Makes sense to me, and Paulson is no dummy (he was head of Goldman Sachs) If they don't do this then their is a deliberate reason and i'm afraid it will be the trauma that catipult's us into a restructuring that brings about sweeping change in the country (and world) and possible severe economic seizure's which lay the ground work for an overhaul of the system and standard of living we have been used to, and lastly and this is not certain but a possibility IMO (and i mentioned this after realizing this a year ago and have been studying the financial makets relentlessly since then) after realizing the only thing that would bring about a NWO would be some kind of Crisis that began with the world financial system.

this talks about what happens if the markets can't be calmed,1&AR_T=1&GID=&linkid=5662&T_ARID=5717

[edit on 20-1-2008 by cpdaman]

posted on Jan, 21 2008 @ 09:42 AM
The global markets took a big hit while the US market is closed for the federal holiday. One futures headline had the DOW Ind down nearly 500 points, and this article here discusses the fears of a potential downgrading of the ratings Ambac Financial (ABK) and MBIA (MBI):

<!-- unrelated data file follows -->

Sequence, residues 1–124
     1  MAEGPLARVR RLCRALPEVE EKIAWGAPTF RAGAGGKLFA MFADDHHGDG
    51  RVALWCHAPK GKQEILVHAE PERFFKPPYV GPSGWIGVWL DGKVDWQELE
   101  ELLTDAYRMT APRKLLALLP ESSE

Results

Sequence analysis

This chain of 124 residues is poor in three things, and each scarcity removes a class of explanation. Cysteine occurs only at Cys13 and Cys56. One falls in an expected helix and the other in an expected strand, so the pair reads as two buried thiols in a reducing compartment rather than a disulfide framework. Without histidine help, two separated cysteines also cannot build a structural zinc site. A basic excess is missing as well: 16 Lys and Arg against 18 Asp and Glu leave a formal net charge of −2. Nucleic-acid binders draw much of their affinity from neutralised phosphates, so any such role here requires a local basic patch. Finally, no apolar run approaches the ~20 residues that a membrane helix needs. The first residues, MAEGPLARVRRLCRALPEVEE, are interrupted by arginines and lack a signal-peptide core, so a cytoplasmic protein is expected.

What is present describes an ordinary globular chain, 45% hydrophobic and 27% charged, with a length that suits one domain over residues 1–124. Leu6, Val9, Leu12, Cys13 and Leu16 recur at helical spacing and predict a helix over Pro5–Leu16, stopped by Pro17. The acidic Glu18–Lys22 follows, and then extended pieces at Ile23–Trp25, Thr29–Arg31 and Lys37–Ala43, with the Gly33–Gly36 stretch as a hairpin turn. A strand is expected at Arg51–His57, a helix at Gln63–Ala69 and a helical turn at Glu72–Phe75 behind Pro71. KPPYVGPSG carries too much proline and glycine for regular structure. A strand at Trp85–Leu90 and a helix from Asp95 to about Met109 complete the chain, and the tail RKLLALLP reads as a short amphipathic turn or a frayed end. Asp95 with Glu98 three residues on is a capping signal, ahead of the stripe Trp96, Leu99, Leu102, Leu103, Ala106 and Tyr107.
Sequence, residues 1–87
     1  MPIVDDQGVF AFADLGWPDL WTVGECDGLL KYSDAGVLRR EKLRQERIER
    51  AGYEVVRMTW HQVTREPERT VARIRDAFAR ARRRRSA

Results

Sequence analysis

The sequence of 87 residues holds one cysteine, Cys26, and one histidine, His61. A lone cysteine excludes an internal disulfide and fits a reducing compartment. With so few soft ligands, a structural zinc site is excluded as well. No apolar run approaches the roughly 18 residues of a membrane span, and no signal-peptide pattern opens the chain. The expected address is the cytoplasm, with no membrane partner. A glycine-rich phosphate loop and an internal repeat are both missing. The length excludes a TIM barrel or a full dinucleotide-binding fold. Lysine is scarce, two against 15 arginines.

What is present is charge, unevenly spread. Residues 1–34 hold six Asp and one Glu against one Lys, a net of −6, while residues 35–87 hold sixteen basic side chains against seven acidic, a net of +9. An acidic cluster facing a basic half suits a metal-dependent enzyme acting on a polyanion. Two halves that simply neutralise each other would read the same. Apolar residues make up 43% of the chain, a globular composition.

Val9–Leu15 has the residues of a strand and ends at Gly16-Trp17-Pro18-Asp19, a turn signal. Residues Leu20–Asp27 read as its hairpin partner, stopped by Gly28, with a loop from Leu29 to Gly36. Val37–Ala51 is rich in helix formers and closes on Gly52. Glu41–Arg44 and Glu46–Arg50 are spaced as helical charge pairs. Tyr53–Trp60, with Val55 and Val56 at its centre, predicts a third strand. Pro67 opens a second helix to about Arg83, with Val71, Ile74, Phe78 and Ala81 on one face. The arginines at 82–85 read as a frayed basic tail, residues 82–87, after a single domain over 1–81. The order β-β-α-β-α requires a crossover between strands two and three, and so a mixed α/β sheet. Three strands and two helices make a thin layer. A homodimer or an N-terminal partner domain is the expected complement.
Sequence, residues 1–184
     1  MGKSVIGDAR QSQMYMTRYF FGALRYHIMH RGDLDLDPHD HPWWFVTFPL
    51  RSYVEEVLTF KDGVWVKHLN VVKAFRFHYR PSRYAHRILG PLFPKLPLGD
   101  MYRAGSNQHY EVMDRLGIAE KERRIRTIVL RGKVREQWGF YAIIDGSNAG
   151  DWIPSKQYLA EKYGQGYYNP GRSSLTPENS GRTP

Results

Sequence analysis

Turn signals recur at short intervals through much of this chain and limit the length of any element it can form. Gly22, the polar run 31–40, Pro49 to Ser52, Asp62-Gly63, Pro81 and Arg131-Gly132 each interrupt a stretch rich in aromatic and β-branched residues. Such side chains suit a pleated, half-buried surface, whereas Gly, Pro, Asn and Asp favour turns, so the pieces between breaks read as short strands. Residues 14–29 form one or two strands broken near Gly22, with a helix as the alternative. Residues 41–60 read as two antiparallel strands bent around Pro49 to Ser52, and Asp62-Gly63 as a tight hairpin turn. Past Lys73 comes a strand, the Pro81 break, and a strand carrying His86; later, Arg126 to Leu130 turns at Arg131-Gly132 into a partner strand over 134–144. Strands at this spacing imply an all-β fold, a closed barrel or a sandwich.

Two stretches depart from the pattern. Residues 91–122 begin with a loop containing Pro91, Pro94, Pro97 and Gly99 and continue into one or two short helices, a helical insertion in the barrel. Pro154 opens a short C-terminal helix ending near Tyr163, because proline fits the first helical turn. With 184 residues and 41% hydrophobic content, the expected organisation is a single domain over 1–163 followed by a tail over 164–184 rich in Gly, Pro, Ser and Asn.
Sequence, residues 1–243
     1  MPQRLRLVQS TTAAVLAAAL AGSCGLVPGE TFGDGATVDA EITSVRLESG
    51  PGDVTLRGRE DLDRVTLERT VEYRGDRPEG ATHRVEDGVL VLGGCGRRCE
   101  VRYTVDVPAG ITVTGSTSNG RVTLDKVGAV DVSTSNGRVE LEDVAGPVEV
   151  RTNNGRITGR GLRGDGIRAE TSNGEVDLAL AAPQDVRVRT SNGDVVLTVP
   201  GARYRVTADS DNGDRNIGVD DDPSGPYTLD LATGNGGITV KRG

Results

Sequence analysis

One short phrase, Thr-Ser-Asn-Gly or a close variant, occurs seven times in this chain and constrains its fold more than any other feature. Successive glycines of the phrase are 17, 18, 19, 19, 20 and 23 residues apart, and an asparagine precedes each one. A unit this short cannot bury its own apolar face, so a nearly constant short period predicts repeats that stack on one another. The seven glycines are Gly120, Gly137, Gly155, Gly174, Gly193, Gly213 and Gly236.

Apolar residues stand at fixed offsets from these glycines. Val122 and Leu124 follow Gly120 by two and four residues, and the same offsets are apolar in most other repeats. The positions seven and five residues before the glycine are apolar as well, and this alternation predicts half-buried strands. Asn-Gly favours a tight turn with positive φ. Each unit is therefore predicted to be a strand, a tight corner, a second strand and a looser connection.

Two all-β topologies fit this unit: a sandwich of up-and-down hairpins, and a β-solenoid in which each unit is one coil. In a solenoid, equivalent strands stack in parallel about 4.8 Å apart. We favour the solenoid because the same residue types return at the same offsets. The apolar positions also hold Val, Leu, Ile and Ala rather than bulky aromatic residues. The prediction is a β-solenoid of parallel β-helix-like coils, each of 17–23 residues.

Stock Futures Forecast Heavy Losses

If futures contracts traded on a day when U.S. stocks weren't even due to open are anything near accurate, then markets will be in for a major decline on Tuesday, with concerns about bond insurers and the health of financial institutions dragging markets lower.

March contracts on the Dow Jones Industrial Average traded 353 points lower to 11,753.

The S&P 500 futures fell 55 points to 1,270.10 and the Nasdaq 100 futures lost 72.25 points to 1,777.25.